Medicare and Medi-Cal recipients in Oakland await health care reform

Image courtesy of commons.wikimedia.org

Image courtesy of commons.wikimedia.org

Medicare and Medi-Cal are big health insurance programs with lots of tiny pieces.

Medi-Cal is California’s state program that often provides health care coverage for children, some adults 18 to 21 years old, pregnant women and people with disabilities. It also covers people who make less than $13,000 a year. Medicare is the national health insurance program for people age 65 or older, and in some cases, for younger people with certain disabilities.

When the reforms called for by the Affordable Care Act go into effect January 2014, in addition to enrolling thousands of people who were previously uninsured, a number of Baby Boomers will also enroll in the plans. Health care plan management organizations anticipate only small changes to the Medicare and Medi-Cal programs themselves; the bigger task will be to explain the differences in the two similar-sounding programs and to help recipients understand the complex rules of each.

“I didn’t know anything about Medicare, Medi-Cal,” said Willie Posey a 73-year-old retired furniture mover. “I knew that when I became a certain age that Medicare kicked in.”

Posey is a patient at LifeLong Medical Care Over 60 Health Care Center, which has offices throughout Alameda County. He did not know his income allowed him to also receive coverage under Medi-Cal until the representatives at the health care center explained the benefits available to him.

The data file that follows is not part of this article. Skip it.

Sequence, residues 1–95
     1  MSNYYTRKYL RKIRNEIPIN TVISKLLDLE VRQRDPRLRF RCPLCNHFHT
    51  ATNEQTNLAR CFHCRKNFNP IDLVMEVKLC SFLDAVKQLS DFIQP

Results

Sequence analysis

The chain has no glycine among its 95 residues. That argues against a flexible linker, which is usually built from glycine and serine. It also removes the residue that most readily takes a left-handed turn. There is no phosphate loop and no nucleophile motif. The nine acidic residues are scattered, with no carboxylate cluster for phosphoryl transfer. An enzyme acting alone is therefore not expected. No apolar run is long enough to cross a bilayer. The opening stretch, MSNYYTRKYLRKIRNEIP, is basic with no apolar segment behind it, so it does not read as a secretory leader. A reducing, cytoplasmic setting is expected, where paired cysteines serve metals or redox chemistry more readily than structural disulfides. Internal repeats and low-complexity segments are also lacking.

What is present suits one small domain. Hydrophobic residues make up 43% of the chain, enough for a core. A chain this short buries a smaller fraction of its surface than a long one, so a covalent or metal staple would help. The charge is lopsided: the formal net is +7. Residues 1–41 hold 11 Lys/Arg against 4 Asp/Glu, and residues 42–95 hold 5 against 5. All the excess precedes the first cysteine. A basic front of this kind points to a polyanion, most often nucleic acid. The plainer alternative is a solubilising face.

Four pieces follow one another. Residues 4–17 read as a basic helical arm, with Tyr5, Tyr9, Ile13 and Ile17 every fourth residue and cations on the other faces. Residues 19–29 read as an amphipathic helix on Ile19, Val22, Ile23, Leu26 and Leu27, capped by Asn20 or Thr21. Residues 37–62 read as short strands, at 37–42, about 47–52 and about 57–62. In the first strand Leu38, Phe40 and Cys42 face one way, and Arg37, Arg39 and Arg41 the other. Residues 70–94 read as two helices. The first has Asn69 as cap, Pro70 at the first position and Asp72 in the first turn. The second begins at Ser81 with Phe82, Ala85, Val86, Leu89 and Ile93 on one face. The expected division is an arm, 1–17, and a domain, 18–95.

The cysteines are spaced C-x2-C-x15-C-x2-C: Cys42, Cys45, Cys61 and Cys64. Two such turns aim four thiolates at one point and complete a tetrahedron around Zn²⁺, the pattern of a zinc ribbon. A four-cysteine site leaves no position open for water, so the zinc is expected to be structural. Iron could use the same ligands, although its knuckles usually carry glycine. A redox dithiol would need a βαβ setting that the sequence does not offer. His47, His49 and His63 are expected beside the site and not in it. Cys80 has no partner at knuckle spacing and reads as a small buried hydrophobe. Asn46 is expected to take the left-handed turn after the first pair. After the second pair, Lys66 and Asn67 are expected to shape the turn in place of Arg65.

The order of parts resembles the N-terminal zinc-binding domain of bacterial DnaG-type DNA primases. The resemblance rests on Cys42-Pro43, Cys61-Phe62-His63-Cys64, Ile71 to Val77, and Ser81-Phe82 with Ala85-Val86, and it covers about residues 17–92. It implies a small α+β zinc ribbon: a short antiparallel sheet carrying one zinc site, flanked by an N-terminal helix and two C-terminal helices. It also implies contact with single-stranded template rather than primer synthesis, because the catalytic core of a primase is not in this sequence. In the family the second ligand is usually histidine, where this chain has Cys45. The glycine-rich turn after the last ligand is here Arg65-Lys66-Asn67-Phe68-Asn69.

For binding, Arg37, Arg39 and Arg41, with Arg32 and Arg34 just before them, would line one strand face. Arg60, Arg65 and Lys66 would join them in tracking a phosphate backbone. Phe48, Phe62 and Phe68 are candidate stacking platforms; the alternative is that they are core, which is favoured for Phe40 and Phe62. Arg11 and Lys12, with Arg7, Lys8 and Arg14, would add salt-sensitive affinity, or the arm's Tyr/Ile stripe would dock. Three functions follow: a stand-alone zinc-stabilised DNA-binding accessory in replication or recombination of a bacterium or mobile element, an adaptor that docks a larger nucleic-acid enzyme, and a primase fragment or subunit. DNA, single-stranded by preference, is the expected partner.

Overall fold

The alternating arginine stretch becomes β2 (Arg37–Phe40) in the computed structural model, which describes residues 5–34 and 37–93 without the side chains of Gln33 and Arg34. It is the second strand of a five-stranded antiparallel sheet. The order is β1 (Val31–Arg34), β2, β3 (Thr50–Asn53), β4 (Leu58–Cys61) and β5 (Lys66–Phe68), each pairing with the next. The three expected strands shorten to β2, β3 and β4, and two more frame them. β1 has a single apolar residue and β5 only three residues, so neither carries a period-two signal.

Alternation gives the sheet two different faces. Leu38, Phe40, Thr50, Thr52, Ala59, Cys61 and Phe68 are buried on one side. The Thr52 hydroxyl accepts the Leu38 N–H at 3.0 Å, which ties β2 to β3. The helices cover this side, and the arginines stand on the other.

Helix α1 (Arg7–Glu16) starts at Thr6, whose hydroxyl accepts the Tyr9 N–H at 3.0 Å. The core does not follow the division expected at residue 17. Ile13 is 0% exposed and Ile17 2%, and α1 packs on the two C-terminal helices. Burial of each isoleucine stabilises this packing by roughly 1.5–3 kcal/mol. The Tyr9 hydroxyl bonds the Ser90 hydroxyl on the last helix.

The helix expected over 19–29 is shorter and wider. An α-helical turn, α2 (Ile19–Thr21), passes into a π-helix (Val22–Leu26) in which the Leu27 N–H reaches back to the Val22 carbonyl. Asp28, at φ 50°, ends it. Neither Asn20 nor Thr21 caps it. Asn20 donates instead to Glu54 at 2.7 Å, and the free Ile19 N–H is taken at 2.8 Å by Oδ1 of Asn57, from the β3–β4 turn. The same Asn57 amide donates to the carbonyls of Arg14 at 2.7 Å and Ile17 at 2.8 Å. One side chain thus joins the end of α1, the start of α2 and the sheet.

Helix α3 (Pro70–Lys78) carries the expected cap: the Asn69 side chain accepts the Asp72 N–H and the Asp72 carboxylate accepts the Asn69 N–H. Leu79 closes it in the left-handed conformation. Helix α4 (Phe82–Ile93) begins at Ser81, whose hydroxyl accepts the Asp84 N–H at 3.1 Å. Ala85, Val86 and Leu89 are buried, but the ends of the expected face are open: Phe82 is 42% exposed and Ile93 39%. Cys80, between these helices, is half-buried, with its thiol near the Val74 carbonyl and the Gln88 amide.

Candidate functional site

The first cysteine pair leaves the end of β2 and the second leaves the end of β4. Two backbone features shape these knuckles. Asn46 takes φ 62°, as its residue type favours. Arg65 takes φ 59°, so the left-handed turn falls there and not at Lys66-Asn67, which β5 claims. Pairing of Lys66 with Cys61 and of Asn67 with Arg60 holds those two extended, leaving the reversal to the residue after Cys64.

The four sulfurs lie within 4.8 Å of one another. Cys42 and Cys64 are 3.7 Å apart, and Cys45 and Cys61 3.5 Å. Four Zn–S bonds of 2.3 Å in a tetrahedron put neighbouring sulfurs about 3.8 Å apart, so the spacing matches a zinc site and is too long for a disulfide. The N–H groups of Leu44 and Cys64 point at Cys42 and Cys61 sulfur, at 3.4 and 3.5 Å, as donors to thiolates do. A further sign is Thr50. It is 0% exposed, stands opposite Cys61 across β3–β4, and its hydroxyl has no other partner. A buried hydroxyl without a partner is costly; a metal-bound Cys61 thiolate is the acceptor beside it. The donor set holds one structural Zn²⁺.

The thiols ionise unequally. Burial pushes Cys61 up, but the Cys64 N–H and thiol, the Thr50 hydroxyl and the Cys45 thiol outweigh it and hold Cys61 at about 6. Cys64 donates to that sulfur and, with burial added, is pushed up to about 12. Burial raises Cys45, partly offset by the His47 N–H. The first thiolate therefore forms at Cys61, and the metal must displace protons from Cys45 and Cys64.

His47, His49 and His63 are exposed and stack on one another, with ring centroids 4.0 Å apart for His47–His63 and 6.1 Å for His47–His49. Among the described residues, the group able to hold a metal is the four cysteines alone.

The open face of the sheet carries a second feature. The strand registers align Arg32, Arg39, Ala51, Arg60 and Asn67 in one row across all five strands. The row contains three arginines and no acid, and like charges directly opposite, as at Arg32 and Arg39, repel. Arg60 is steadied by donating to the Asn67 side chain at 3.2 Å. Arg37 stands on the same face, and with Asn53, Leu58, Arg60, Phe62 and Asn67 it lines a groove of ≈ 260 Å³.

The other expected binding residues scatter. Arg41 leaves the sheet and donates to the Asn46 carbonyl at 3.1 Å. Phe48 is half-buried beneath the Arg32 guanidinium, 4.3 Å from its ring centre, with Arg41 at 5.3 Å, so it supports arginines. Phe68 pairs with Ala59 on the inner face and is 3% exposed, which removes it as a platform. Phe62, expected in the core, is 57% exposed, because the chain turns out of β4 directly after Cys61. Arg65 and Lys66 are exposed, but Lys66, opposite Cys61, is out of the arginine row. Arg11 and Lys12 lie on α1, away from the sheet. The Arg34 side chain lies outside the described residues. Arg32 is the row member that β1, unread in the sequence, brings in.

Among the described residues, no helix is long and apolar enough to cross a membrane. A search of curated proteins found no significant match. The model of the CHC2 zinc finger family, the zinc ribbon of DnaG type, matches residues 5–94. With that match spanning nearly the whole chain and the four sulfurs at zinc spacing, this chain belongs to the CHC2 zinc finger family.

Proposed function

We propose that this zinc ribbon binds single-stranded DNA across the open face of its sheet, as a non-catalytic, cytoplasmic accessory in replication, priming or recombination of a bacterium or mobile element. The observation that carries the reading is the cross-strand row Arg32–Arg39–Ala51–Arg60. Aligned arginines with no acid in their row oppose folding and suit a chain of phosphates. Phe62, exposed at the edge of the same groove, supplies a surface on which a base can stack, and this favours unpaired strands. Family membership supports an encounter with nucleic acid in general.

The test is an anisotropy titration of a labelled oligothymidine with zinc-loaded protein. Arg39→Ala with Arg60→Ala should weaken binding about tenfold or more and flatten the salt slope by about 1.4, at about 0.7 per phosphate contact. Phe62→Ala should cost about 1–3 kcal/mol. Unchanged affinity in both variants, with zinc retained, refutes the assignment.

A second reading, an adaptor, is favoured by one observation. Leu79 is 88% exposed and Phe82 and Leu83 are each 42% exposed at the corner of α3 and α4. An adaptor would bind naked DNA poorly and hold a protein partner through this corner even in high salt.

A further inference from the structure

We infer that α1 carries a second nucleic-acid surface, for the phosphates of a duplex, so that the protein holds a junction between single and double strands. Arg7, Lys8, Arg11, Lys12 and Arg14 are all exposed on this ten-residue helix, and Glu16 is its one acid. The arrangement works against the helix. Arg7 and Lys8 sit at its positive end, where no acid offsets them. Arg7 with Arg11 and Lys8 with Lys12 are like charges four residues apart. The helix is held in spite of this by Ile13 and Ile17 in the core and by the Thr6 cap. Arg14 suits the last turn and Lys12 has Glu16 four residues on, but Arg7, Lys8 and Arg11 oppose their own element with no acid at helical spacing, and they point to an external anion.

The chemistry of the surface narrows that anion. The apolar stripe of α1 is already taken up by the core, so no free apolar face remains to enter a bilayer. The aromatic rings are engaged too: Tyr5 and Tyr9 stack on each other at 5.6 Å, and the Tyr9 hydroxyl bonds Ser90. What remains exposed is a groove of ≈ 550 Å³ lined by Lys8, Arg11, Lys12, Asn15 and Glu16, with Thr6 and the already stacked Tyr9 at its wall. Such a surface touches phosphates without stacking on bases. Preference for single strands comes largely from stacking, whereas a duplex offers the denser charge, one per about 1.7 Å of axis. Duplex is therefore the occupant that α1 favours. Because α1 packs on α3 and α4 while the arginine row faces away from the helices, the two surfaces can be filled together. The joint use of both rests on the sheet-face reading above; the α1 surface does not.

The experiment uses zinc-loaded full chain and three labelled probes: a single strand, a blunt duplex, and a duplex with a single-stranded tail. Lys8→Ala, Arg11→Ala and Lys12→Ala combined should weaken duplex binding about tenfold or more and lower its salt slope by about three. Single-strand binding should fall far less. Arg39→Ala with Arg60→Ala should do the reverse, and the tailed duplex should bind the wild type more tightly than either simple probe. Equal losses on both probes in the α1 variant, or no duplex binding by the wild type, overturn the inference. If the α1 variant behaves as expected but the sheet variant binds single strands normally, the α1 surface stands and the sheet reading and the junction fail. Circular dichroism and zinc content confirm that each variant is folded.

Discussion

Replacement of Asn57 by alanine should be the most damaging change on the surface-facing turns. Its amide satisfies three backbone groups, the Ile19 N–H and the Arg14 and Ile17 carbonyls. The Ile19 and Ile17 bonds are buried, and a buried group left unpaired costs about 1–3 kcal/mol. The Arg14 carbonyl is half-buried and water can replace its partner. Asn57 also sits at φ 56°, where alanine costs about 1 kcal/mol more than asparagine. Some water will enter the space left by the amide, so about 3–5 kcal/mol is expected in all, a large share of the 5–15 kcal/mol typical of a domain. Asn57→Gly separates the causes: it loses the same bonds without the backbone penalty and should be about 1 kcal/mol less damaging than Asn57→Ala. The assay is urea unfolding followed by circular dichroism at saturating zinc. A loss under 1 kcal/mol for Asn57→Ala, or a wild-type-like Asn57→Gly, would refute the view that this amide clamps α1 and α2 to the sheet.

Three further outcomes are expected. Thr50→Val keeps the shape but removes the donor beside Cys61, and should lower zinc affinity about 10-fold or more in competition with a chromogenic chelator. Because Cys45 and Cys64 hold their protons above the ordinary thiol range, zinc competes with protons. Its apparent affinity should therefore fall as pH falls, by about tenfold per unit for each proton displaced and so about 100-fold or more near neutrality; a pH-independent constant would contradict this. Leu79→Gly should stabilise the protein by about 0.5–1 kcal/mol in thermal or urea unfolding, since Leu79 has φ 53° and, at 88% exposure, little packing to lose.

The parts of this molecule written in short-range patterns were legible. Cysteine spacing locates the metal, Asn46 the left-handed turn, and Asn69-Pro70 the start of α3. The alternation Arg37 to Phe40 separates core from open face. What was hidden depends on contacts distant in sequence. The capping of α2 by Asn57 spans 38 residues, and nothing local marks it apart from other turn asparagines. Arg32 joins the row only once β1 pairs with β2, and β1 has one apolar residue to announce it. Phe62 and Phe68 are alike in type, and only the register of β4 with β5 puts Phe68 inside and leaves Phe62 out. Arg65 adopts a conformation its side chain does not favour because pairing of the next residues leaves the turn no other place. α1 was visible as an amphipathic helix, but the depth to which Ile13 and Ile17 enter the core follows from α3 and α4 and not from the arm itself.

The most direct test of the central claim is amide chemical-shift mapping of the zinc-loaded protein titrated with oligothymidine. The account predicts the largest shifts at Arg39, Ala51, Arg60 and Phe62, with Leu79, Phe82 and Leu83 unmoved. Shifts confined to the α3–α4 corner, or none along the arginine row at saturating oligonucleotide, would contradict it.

Although he is happy to have coverage under both plans, he is unhappy with the program limitations that prevent him from making extra money—one of the complexities often ill-understood by recipients. He wants to work, but this could jeopardize his benefits.

“At some point in my past I got a little part time job and I made too much,” Posey said. “I was only to make $1,062 but I went over.  It was like $1,800, which is very little money, but I messed up my Medi-Cal and that was a bad thing I’d done. Lord have mercy!”

Posey said he was scheduled to have surgery more than a year ago and had to put it off because he lost his Medi-Cal coverage. “I was feeling I needed more money,” Posey said. “My significant [other] and I would be able to go joy riding more and do some of the little fun things.  Now, I have cleaned up my wreckage and I am back on [Medi-Cal].”

Cheryl White is a Medicare recipient and a patient with LifeLong Medical Care who goes to the Over 60 Health Center in Berkeley to see the doctor. She understands the difference between the two plans because she only qualifies for coverage under one. “I make just a little bit above the cut-off point,” White said.

Sitting in her wheelchair at the bus stop, she said she was happy to be able to get out on her own. But getting the wheelchair was hard work because only a fraction of the cost was covered under Medicare. “I was assessed to get a wheelchair, but I cannot afford the thousands of dollars, the twenty percent of Medicare that I have to pay for durable medical equipment,” White said.

In the end, White said, a friend was able to give her a used wheelchair. It’s 13 years old. If she didn’t have it, she would be housebound.

Posey and White both say one of the biggest challenges for recipients of these two programs  is paying for prescription drugs. Posey is a diabetic and White has several chronic illnesses requiring daily medication.